When travelling north from Lancaster station, I always try to sit on the left side of the train. I don’t do this out of superstition, but because the left, or west-facing, side of the train affords the best view of two sites I’m always pleased to see.
The first of these is the River Lune, sluggish and mud-swollen, as it wends its way towards Sunderland Point and the Irish Sea. The second, which comes into view just beyond Bare Lane, is the broad, level expanse of Morecambe Bay—that ‘majestic plain’, as Wordsworth has it, ‘from which the sea has retired.’
The name Morecambe, so I’m told, means ‘sea-crook’ or ‘sea-bend’, and I suppose this goes some ways towards describing the bent arc of the Bay’s foreshore, which winds northward from Fleetwood to Heysham Harbour and round, past the Cartmel and Furness Peninsulas, towards the Isle of Walney. This crooked shape is chiefly caused by the rivers Lune, Kent and Leven, whose estuaries merge here with the waters of the Keer, Wyre and Winster to form one vast littoral plain comprising some 120 square miles of saltmarshes, mudflats and intertidal channels.
The Lancashire poet Edwin Waugh (from whose book I take my title) spoke of this coastline as a scene of rich and varied beauty: a panorama of ‘changeful picturesqueness’ marked by an ‘exquisite variety of form and colour.’ ‘Here,’ writes Waugh, ‘where the ragged selvedge of our mountain district softens into slopes of fertile beauty by the fitful sea, … we flit by many a sylvan nook, and many a country nest, where we should be glad to linger’.
Waugh’s words appeal to me, because I’m fascinated by railways and he was, rather unabashedly, a tourist of the first great railway age. His little book was published in 1860, just three years after the completion of the Ulverstone [sic] & Lancaster Railway; and, in addition to noting each new viaduct and station on the U&L line, it captures something of the optimism and excitement of the early era of British steam. Admittedly, Waugh’s subject is not so much Morecambe Bay itself, but the Bay as seen from the window of a railcar. But to dwell on this is to overlook one of the more intriguing aspects of his book: namely, that it’s also a swansong for an earlier, more adventurous age of trans-Bay travel.
Before the coming of the railway, as Waugh well knew, the most direct line linking Lancaster to the Lake District was the ‘over-sands’ route: a journey of some 20 miles, which involved fording the Kent and Leven estuaries at low tide. From Lancaster, this route ran 3 miles to Hest Bank and then proceeded some 7-9 miles over the mudflats to either Kents Bank or Cart Lane, on the Allithwaite shore. From here, it extended over land to Sandgate, near Flookburgh, whence it cut across the mouth of the Leven to Sandside, near Ulverston. By 1810, a shorter route between Cark and Ulverston Canal Foot was also in regular use. (See a map of the route here.)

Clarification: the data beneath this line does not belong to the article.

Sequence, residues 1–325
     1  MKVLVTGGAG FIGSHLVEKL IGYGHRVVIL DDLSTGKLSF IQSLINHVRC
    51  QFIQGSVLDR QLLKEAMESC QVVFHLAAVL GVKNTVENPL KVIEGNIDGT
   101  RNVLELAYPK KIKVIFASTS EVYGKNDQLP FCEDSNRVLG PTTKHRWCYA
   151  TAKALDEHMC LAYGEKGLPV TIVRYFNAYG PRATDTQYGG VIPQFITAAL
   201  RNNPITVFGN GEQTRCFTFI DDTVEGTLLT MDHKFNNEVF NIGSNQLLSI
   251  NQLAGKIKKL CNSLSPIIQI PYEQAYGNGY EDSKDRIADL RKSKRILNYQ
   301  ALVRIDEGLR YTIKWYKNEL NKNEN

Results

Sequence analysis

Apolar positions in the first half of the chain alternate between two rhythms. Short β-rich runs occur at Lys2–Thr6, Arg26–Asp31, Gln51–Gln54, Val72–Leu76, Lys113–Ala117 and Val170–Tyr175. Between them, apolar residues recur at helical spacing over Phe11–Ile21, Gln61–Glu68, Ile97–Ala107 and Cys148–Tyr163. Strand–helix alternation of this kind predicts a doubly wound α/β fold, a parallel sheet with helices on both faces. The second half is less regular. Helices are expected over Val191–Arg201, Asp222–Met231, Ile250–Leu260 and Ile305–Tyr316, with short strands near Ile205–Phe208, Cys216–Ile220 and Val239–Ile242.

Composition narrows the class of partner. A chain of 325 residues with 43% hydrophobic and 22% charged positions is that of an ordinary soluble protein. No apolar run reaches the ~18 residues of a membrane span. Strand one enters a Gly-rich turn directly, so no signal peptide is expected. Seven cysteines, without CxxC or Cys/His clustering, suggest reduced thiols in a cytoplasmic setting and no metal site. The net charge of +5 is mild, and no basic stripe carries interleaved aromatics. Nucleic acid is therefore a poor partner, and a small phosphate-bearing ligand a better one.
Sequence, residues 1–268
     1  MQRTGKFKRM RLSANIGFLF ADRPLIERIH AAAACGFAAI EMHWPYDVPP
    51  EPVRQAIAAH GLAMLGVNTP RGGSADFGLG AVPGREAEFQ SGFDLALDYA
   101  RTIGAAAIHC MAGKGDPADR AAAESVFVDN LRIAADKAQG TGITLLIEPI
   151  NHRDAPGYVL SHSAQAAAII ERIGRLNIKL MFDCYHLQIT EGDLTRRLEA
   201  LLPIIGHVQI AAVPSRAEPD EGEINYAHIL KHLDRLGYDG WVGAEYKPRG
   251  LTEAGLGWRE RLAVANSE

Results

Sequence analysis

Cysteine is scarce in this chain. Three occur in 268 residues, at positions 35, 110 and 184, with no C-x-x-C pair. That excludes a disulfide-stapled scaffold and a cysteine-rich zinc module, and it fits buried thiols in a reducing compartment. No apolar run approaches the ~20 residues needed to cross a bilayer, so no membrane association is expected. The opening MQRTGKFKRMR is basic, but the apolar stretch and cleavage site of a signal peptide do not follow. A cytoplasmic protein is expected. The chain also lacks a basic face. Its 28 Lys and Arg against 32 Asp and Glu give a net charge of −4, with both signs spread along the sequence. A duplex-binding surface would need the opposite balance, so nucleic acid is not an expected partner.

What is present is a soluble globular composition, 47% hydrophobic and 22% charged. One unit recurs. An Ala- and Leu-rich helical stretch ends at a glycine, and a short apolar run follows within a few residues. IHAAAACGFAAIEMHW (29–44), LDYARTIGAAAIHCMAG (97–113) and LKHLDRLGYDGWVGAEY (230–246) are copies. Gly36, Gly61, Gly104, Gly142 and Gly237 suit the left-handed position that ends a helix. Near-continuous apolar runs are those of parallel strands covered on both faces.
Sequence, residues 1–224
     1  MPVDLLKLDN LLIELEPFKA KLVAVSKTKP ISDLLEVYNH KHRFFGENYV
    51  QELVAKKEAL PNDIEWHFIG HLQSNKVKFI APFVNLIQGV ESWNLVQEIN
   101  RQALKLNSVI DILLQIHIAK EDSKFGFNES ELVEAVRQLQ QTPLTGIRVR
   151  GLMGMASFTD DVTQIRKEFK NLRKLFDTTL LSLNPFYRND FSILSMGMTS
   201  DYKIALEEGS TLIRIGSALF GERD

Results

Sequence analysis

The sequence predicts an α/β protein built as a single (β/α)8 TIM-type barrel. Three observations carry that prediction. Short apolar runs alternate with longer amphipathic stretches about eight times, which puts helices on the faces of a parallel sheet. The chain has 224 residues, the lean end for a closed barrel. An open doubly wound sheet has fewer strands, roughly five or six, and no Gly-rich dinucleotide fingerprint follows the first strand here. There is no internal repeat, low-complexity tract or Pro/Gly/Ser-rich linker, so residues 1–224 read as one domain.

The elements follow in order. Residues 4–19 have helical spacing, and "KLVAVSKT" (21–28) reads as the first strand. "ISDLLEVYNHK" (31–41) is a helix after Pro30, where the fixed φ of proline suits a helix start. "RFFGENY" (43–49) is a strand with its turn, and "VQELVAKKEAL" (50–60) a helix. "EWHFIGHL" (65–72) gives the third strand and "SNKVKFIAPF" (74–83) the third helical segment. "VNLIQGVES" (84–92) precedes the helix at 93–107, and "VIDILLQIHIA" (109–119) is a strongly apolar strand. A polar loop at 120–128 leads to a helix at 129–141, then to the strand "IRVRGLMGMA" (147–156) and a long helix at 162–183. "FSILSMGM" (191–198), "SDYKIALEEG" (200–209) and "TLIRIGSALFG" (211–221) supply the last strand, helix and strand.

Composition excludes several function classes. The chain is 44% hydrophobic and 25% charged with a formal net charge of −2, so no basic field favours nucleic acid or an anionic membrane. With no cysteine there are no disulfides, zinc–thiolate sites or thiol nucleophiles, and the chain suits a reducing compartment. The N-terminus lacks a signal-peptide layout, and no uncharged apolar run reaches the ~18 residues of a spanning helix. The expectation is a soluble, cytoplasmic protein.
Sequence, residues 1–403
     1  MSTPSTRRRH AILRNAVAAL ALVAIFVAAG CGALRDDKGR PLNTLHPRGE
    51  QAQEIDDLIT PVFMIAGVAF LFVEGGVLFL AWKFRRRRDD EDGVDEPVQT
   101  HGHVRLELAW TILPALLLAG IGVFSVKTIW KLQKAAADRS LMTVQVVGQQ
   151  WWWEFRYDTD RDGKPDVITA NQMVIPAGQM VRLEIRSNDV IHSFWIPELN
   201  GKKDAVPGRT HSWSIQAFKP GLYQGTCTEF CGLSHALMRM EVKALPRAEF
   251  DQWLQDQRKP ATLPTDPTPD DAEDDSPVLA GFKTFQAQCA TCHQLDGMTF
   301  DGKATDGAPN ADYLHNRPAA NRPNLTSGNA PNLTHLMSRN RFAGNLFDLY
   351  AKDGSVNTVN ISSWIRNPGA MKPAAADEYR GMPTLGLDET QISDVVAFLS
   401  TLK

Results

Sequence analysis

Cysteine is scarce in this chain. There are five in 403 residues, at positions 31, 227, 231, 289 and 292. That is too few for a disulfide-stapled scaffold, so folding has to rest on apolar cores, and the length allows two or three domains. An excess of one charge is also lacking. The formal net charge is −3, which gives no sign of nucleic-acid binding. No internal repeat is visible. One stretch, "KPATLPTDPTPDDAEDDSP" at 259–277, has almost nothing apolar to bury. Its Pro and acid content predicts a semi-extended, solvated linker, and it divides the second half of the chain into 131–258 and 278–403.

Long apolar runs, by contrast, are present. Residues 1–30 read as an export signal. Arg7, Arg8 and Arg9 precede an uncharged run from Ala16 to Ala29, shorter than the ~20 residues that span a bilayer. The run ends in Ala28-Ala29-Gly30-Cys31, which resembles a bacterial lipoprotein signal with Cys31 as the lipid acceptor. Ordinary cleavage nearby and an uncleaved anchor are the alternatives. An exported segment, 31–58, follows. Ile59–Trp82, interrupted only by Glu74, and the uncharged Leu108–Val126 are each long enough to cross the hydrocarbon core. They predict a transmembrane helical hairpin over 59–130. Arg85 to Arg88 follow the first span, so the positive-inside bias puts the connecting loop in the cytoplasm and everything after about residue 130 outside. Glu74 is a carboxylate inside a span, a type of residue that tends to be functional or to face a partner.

In either instance the passage could be treacherous, and not simply because of the Bay’s infamous quicksands and tidal bores. In poor weather, especially on misty evenings, unwary travellers have perished simply because they failed to find their way back to shore. The deaths of the 23 cockle pickers who drowned near Hest Bank ten years ago this month are a grim reminder of a long list of fatalities extending back beyond the 16th century, the era from which the earliest records of over-sands guides (or ‘Carters’) have survived.
Yet, right up to the mid-1800s, the cross-bay route remained a main thoroughfare for travellers who wished to pass swiftly between Lancaster and the Lake District. By 1781, during the great age of picturesque tourism in the Lakes, there was an over-sands coach service running six days a week, promising a ‘sober and careful driver’ and an ‘expeditious’ crossing. Even in the tamer age of Lakeland travel, some sixty years later, the perils of the old route lived on in local memory, inspiring stories such as Elizabeth Gaskell’s ‘Sexton’s Hero’ (1848), a harrowing tale of a young couple’s misadventure on the sands.
My evening commute takes me past the very spot where the climax of Gaskell’s story is set, which is, poignantly, near where those 23 cocklers drowned. And as I look out, like Waugh before me, from the comfort and safety of a railcar, I can’t help but think of all the history that those sands have swallowed up.
Once a busy coach road, today, save for the odd fisherman or dog walker, they seem as boundless and bare as the surface of the moon. Most of my fellow passengers hardly seem to notice them.
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